The use of muslin was not confined to the subcontinent alone. Muslin circled the globe with trade dating back to the ancient Greeks, who bought it from Machalipatnam in Andhra Pradesh. Roman statesman and scholar Pliny lamented on the expensive tastes of Roman women for muslin that withdrew “from our empire one hundred million of sesterces every year — so dearly do we pay for our luxury and our women.”
References of trade with the Roman and the Chinese empires are found in Ptolemy’s Geography, in The Periplus of the Erythraean Sea, and documents by ancient Chinese travellers. Roman trade started to decline in 475 CE, and by early 17th century, Arabs became India’s dominant trade partners. Italian traveller Ludovico di Varthema (1503-1508) noted that “fifty ships are laden every year in this place (Gaur or Bengal) with cotton and silk stuffs…these same stuffs go through all Turkey, through Syria, through Persia, through Arab Felix, through Ethiopia, and through India.”
An item of luxury
European historical records are replete with accounts of muslin as an item of luxury; an accessory for royalty, a necessity for the privileged and an aspiration for the emerging merchant class. Marie Antoinette was introduced to the fabric by her milliner, and despite Napoleon’s aversion for a fabric symbolic of his arch enemy, Josephine owned 100 dresses of muslin. Europe used to procure the muslin through Iranian and Armenian merchants, but with the establishment of European companies and their settlements in Bengal in the 17th century, export of Muslin from India increased enormously. Its later decline was due to loss of patronage from the Mughal emperors who lost power, prestige and buying capacity. With the establishment of East India Company’s monopoly, trade with other European companies diminished.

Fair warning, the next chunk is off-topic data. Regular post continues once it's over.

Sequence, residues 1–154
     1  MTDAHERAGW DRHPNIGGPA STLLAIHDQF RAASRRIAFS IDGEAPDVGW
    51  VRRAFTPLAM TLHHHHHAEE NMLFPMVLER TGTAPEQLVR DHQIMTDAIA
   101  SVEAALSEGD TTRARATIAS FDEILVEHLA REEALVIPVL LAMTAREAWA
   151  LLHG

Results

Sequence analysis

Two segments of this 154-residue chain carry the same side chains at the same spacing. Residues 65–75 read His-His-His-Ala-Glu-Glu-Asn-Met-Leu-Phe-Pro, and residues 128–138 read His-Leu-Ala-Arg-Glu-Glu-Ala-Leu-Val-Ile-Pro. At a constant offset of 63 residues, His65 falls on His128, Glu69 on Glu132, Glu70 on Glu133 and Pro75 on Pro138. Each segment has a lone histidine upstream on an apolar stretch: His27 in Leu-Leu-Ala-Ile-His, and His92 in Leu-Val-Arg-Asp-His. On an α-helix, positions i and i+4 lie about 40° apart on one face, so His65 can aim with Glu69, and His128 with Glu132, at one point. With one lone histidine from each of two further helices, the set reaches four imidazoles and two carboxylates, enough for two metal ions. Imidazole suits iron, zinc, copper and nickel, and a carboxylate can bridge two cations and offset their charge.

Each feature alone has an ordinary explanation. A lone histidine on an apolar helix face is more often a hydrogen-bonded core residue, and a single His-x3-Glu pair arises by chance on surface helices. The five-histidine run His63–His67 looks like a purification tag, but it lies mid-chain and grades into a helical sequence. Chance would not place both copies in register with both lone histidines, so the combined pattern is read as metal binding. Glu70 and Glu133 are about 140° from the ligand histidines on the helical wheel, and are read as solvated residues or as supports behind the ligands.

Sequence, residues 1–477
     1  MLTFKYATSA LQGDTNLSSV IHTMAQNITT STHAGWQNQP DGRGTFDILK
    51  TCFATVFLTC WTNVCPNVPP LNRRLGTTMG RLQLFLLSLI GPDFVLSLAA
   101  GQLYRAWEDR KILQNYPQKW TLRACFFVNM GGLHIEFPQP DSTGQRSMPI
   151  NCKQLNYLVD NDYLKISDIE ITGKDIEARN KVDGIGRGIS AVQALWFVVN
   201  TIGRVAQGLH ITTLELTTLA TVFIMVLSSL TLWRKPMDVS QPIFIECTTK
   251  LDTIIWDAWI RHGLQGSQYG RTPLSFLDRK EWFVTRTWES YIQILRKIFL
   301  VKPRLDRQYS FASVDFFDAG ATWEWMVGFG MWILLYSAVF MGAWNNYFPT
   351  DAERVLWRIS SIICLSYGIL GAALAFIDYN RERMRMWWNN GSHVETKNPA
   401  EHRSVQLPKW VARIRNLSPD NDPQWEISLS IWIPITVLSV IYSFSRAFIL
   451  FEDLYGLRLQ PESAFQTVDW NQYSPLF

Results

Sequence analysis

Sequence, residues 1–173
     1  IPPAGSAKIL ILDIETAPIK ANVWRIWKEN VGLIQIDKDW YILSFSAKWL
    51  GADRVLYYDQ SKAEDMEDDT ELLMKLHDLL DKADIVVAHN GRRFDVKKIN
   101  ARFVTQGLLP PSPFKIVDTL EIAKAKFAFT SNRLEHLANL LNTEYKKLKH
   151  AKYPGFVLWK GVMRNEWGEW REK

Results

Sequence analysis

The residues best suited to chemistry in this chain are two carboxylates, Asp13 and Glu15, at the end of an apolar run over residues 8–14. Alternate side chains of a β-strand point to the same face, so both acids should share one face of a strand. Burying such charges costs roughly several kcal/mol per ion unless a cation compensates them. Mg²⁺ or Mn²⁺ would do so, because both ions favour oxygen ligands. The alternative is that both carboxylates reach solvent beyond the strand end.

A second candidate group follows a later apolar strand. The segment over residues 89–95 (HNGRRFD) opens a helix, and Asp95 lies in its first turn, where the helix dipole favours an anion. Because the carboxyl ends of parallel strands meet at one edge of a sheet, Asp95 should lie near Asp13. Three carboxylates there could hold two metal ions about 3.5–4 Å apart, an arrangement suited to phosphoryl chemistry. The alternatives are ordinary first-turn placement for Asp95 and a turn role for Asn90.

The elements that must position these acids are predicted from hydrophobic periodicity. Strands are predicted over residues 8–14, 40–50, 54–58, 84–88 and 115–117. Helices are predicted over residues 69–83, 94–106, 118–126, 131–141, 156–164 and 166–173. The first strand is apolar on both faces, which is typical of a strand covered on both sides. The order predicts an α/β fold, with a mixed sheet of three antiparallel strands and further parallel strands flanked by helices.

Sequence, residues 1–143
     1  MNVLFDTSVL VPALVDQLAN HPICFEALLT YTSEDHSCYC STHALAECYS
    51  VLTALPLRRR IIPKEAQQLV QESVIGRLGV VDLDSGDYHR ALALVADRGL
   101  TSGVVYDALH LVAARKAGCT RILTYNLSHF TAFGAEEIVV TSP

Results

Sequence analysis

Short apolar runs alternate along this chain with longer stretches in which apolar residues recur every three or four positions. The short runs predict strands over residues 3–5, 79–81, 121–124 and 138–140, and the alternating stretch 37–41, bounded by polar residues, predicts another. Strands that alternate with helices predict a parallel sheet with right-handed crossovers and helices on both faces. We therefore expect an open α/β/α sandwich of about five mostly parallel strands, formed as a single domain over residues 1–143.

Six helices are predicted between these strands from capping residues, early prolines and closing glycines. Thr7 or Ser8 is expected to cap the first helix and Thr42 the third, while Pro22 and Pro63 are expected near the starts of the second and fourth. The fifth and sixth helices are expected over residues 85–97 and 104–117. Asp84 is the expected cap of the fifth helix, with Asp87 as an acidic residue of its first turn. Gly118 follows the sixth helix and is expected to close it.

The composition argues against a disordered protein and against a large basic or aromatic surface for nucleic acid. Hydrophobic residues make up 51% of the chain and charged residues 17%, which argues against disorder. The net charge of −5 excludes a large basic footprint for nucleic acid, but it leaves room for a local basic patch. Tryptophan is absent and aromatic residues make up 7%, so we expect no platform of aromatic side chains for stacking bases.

However, the most significant reason for change in the status and decline of the muslin handloom production in India was the industrial revolution in England. Costly handcrafted cotton goods, particularly muslin, lost out in competition with cheaper fabric produced by machines. As Karl Marx noted, “It was the British intruder who broke up the Indian handloom and destroyed the spinning-wheel. England began with driving the Indian cottons from the European market… and in the end inundated the very mother country of cotton with cottons.”
When muslin fever began to sweep across England in the 1680s, English weavers and wool manufacturers lobbied for restrictions and eventually, it was their sophisticated mechanical inventions which replaced the handmade muslin forever. Exports of muslin from Britain sky-rocketed between 1760 and 1780, cotton exports from Dhaka dropped 50% between 1747 and 1797, and by 1817, had ceased altogether. Incompatible with mechanised spinning, the short-staple cotton of the phuti karpas was replaced by long-staple American cotton (Gossypium hirsutum), leading to the extinction of phuti karpas. Aided further by the famines in Bengal, the fabric that had once captured the imagination of poets as “woven air” with “light vapours of dawn”, vanished forever.